Skip to comments.The fall of fuel oil in the US
Posted on 05/07/2014 9:59:09 AM PDT by thackney
Introduction: US residual fuel oil demand recently hit a record-low 154,000 b/d less than a decade after demand was closer to 1 million b/d, according to US government statistics. The precipitous decline is a direct result of refineries looking to maximize production of high-value products such as middle distillates and gasoline and minimize production of low-value products like fuel oil, which typically sells for less than the crude oil used to make it. Rising natural gas production also has lead to a greater reliance on that product for power generation at the expense of fuel oil.
However, there appears to be a floor to how far demand will fall. Demand for natural gas in the US Northeast has outpaced the building of pipelines to move the product, leading to gas curtailments, volatile natural gas prices and utilities taking a second look at fuel oil. New York Harbor fuel oil traded within a $2.50/MMBtu range during the first quarter compared with a nearly $125/MMBtu range for regional natural gas prices (see story and chart). This feature pulls from some of the latest news stories about fuel oil in the US.
April 29, 2014 - US residual fuel oil demand averaged 207,000 b/d in February, the second-lowest demand figure on record despite repeated cold snaps across the Northeast that increased demand for the product, according to Energy Information Administration data published April 29.
The data are monthly figures released with a two-month lag and separate from the EIA's weekly petroleum status report that is typically released on Wednesdays.
The February average marked a 62,000 b/d decline from the January average. The February figure was also down by 97,000 b/d year on year.
The first quarter of the year was marked by several cold weather events that increased demand for fuel oil for use in US Northeast power generation, a sector whose demand for fuel oil has waned since natural gas production has become the preferred source for generation.
Even so, nationwide fuel oil demand in February was the second-lowest figure in statistics available from EIA that date back to 1936. The record-low demand of 196,000 b/d was set in December 2012, data shows.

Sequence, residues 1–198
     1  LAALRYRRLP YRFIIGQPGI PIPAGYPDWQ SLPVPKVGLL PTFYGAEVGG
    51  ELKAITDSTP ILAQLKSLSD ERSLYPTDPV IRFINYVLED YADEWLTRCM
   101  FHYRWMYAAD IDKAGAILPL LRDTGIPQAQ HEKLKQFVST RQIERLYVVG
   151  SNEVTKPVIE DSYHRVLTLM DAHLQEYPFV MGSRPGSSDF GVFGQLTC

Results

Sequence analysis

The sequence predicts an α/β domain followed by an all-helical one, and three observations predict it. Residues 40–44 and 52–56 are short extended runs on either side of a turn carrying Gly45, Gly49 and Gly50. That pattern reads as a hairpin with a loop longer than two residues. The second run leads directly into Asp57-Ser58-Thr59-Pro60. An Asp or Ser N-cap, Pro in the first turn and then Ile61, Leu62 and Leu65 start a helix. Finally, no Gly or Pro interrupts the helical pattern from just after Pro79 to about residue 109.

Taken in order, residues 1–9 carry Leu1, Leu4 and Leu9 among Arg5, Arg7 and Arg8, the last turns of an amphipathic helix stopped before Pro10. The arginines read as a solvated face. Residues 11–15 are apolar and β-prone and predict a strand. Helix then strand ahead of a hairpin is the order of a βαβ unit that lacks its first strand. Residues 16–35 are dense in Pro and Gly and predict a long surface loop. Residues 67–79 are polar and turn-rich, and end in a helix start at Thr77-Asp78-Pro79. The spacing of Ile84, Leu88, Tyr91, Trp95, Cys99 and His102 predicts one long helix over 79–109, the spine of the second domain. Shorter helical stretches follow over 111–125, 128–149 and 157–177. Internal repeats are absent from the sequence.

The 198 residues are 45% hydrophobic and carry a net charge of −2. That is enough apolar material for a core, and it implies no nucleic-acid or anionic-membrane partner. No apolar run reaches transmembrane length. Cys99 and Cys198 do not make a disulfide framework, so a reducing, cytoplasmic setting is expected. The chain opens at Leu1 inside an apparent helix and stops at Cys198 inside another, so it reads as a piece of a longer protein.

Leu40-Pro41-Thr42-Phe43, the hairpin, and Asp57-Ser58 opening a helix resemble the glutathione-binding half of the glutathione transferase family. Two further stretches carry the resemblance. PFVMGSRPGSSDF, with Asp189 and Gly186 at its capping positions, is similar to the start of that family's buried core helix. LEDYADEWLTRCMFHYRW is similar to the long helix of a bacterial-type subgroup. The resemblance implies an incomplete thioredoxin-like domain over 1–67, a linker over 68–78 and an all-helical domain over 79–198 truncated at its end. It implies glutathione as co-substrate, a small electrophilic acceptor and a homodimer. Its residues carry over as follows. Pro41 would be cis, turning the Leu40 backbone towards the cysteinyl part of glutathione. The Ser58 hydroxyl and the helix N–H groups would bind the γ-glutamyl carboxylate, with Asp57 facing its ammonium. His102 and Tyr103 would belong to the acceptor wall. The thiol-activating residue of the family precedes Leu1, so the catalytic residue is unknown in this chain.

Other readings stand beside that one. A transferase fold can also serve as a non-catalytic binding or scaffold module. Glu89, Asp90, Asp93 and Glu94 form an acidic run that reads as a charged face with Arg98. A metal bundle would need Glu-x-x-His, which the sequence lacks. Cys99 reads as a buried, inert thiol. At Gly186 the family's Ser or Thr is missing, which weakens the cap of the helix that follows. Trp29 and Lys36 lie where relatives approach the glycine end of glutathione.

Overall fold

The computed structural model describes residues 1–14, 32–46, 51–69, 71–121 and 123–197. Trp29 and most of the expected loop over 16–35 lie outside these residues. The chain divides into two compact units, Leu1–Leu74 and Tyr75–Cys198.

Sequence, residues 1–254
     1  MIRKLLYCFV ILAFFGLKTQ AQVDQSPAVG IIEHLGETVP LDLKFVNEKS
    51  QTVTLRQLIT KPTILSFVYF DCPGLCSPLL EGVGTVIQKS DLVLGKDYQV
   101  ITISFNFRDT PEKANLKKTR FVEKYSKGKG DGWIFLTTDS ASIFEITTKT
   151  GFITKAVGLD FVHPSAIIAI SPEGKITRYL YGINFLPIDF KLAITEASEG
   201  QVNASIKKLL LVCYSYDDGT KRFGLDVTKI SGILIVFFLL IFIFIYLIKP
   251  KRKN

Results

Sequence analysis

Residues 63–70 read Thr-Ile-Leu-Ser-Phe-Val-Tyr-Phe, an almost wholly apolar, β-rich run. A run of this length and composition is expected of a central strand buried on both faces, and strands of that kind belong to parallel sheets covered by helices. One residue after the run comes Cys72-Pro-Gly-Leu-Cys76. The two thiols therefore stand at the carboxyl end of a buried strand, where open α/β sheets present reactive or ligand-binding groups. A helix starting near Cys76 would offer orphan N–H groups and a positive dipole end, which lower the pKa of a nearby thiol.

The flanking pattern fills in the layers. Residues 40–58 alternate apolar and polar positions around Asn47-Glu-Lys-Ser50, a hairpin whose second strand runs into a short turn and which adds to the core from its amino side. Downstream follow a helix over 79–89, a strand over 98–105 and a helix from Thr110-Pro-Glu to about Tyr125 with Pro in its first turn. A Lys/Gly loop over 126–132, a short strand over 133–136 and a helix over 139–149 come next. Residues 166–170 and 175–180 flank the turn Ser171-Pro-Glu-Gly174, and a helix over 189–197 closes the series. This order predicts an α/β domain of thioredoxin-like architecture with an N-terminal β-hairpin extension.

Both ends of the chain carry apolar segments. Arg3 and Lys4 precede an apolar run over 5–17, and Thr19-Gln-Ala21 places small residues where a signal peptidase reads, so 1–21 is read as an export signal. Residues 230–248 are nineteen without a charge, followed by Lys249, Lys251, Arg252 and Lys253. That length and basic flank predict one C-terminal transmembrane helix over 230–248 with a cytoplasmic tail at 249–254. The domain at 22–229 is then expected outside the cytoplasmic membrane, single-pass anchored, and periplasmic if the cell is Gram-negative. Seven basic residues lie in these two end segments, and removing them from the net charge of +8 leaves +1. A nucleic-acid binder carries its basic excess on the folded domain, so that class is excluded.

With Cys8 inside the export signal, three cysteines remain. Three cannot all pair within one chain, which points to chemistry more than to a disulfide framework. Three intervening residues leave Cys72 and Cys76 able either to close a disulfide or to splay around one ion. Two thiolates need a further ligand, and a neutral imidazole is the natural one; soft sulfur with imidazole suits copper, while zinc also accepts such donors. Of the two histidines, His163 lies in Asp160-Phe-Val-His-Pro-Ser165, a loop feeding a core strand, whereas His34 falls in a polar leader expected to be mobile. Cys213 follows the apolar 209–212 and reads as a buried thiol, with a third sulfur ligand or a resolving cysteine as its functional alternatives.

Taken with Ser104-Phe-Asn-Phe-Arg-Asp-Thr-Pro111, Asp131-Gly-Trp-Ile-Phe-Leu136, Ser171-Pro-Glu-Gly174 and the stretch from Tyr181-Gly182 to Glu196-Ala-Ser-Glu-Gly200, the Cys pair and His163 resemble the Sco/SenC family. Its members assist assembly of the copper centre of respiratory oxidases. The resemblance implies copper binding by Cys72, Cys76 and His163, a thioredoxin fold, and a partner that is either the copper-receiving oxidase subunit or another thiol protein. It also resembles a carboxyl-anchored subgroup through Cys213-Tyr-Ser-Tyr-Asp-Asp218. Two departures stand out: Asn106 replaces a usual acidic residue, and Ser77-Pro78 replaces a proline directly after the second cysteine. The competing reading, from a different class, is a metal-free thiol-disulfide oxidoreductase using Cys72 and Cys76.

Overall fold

The reason for the recent decline was a nadir for demand in the West Coast region, which saw demand fall to 78,000 b/d, a new record low. West Coast demand averaged 139,000 b/d over the past five years.
US fuel oil imports rose by more than 80% to 221,000 b/d while exports also jumped to 446,000 b/d, a nine-month high. Exports have been higher than imports for 34 consecutive months.
Fuel oil production fell to 428,000 b/d compared with the five-year average of 537,000 b/d.
Fuel oil days of supply was 177 days, data shows.
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A general classification for the heavier oils, known as No. 5 and No. 6 fuel oils, that remain after the distillate fuel oils and lighter hydrocarbons are distilled away in refinery operations. It conforms to ASTM Specifications D 396 and D 975and Federal Specification VV-F-815C. No. 5, a residual fuel oil of medium viscosity, is also known as Navy Special and is defined in Military Specification MIL-F-859E, including Amendment 2 (NATO Symbol F-770). It is used in steam-powered vessels in government service and inshore powerplants. No. 6 fuel oil includes Bunker C fuel oil and is used for the production of electric power, space heating, vessel bunkering, and various industrial purposes.
A sample of residual fuel oil
Looks like the coffee at a restaurant I used to work at as a teen.....................
It’s the mother’s milk of the refining process.
(and my bread and butter.)
In Australia, they call it Vegemite...
Its the mothers milk of the refining process.
- - - - - - - -
Also known as “refinery leftovers” and “the bottom of the barrel”.
Lots of BTU’s however in those long-chain hydrocarbons.
Negative gravities—some as heavy as -6 API, are becoming commonplace. Some BTU gallons are measured as 165,000 per gallon.
A few yrs. ago I had a client that had a dual fuel boiler. Natural gas and fuel oil.
We ran it on natural gas normally, but he had a buried tank w/ some fuel oil he wanted to burn.
We changed a few settings and fired it up.
Wow, what a difference in output. I’d forgotten how much hotter oil burns v natural gas.
Road tar that they use to mix with stones ? or is that of a heaver grade ?
Your thinking of liquid asphalt.
Much more viscious, and much higher flash.
Was this using the same burner tips for the drastically different fuels?